Developmental Milestones and When It’s Time To Call The Doctor

Dear Brenda,

I have a three and a half year old boy. Since I can remember he bangs his head when he is awake or asleep. He doesn’t feel any pain, or so it seems. He doesn’t get angry when he does it. He is a very sweet child, but he has his way of doing things. He is very, very neat and precise for his age. He started mingling with other children in his class about 6 months ago. Both of my children are in half day in school.

Most of the times it doesn’t seem as if he understands me. If he hurts his sister, sometimes for no reason, and I talk to him firmly he just nods and continues to hurt her.

I’ve tried everything, talking, shouting, naughty corner, but nothing works. He’s going to ‘big’ school in a year and a half and I’m concerned that the teachers won’t understand him.

At the parent meeting his teacher told me that he is very advanced for his age, but he has strange ways, e.g.; when he’s playing with blocks, (and he wants to play alone) he first sorts all the colors together, then all the shapes. If anyone interferes he gets very upset.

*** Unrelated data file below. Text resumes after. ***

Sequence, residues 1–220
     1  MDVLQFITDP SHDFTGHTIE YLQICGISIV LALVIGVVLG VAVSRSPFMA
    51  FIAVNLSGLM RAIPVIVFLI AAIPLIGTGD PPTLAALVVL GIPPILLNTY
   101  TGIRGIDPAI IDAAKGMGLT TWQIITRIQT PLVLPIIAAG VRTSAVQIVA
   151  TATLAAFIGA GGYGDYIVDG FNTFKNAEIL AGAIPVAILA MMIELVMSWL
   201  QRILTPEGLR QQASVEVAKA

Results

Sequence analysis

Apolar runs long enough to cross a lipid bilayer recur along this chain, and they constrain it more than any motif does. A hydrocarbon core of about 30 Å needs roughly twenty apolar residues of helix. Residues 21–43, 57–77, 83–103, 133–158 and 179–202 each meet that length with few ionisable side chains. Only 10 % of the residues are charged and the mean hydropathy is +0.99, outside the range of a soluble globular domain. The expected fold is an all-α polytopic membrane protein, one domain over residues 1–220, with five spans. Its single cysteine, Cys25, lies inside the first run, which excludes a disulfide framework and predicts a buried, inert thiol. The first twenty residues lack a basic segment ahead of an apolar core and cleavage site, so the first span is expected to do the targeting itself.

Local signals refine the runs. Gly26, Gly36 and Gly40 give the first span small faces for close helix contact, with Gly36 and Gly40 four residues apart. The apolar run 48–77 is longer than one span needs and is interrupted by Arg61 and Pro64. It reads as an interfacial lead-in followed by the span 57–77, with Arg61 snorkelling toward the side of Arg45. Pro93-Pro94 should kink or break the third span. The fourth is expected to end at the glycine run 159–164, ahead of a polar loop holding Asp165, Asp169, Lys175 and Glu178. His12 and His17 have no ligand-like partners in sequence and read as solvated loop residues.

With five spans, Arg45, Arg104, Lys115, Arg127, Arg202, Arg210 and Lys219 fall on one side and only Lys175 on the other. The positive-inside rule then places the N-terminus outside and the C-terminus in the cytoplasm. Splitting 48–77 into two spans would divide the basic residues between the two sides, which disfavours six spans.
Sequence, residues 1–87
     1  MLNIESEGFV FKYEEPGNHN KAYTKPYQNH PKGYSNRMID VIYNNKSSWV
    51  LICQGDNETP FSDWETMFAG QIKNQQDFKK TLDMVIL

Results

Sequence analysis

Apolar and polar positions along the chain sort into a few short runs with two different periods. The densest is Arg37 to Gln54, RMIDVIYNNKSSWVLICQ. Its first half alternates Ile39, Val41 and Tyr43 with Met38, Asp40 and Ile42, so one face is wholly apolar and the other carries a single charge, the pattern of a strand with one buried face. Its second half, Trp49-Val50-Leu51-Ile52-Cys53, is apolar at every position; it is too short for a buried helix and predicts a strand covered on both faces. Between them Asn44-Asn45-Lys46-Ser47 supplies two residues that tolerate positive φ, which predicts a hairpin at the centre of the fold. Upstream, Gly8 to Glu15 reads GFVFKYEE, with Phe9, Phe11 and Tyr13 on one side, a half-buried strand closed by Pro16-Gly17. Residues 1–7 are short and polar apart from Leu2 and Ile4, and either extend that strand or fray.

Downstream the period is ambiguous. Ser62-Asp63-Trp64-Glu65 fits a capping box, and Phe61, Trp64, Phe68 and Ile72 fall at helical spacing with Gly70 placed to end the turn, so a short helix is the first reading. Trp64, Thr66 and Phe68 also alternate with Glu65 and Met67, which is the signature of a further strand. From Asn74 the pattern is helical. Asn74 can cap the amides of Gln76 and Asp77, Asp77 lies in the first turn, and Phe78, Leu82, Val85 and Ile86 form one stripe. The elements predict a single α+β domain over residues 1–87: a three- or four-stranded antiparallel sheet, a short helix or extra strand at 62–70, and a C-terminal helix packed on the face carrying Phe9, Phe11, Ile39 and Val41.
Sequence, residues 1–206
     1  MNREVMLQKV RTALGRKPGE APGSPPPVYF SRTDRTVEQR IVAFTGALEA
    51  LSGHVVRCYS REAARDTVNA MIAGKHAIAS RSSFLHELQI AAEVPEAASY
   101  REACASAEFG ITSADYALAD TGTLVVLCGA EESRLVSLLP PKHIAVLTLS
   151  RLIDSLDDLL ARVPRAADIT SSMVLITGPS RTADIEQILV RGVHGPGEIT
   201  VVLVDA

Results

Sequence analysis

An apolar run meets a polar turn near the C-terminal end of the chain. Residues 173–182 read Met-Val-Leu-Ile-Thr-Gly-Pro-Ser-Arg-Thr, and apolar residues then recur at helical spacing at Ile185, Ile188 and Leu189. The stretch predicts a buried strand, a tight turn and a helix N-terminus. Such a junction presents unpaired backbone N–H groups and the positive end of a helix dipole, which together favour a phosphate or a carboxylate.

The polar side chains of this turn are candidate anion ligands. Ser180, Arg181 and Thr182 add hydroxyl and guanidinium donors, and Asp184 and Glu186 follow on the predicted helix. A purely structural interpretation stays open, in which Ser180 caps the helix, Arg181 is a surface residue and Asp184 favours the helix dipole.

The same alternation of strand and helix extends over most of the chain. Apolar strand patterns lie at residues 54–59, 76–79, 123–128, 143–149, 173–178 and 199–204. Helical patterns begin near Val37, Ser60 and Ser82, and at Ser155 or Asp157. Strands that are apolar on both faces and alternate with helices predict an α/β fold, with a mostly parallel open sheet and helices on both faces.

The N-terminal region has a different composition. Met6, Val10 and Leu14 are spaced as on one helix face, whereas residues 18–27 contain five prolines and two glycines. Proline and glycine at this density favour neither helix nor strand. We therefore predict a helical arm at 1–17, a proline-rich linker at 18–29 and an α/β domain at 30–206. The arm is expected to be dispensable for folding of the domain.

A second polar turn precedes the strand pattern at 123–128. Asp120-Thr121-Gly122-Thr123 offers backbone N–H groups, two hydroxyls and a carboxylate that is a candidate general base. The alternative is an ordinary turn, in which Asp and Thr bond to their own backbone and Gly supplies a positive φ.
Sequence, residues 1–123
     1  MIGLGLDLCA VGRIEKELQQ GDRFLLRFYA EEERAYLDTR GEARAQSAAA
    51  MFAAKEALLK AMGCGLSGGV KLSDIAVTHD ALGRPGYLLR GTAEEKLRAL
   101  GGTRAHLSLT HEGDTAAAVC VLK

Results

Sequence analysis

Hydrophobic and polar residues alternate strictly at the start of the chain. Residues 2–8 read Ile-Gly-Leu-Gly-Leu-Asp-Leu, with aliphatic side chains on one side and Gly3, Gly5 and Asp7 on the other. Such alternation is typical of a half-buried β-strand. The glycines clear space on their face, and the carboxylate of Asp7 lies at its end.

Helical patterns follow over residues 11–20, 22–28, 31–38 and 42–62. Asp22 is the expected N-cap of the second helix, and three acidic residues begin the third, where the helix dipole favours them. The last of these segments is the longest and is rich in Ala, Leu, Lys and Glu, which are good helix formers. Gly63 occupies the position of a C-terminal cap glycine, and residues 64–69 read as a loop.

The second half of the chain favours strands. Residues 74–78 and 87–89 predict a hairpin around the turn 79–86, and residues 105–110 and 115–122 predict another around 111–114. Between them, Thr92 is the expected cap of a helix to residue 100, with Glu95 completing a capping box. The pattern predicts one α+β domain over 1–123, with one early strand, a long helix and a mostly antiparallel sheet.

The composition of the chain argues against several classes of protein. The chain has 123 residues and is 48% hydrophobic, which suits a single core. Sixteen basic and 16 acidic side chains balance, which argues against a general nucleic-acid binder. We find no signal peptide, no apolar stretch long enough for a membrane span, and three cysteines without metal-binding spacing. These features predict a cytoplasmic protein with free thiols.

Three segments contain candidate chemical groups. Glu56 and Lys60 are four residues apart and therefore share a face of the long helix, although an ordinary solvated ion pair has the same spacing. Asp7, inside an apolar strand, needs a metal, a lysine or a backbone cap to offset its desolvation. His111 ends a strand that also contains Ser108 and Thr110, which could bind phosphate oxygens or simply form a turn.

If things go his way, he is very sociable.

Do I need to worry?

Dear Worrying Mom,

Watching our babies grow is what parents do. We want to know that their language, thinking, social and emotional skills are where they should be. What if they’re not? What if we notice something about our precious one that’s atypical? Well, what if. As a parent you need to follow through on your concerns. Here are some of the things that caught my attention.

Head banging. Our babies are used to a rocking motion while in the womb and will rock their bodies or bang their heads to soothe themselves. This behavior can occur when they are over or under stimulated, and it usually stops by four years old.

“Most of the times it doesn’t seem as if he understands me.” This caught my attention too. As did this, “If he hurts his sister, sometimes for no reason, and I talk to him firmly he just nods and continues to hurt her.” It makes me wonder if he is able to read the social and non verbal cues, for example, that crying might indicate that his sister is in pain, or if he can tell from Mommy’s face whether she is happy or sad. These are developmental milestones.

It would probably be best to bring the concerns you’ve written about here to the attention of your pediatrician. Your pediatrician will be able to rule out medical reasons for his behavior and then might be able to get to the bottom of some of these concerns. If there are any problems, it is better to start therapies earlier, as they would be more effective.

You’re a great mom. Be well.

– Brenda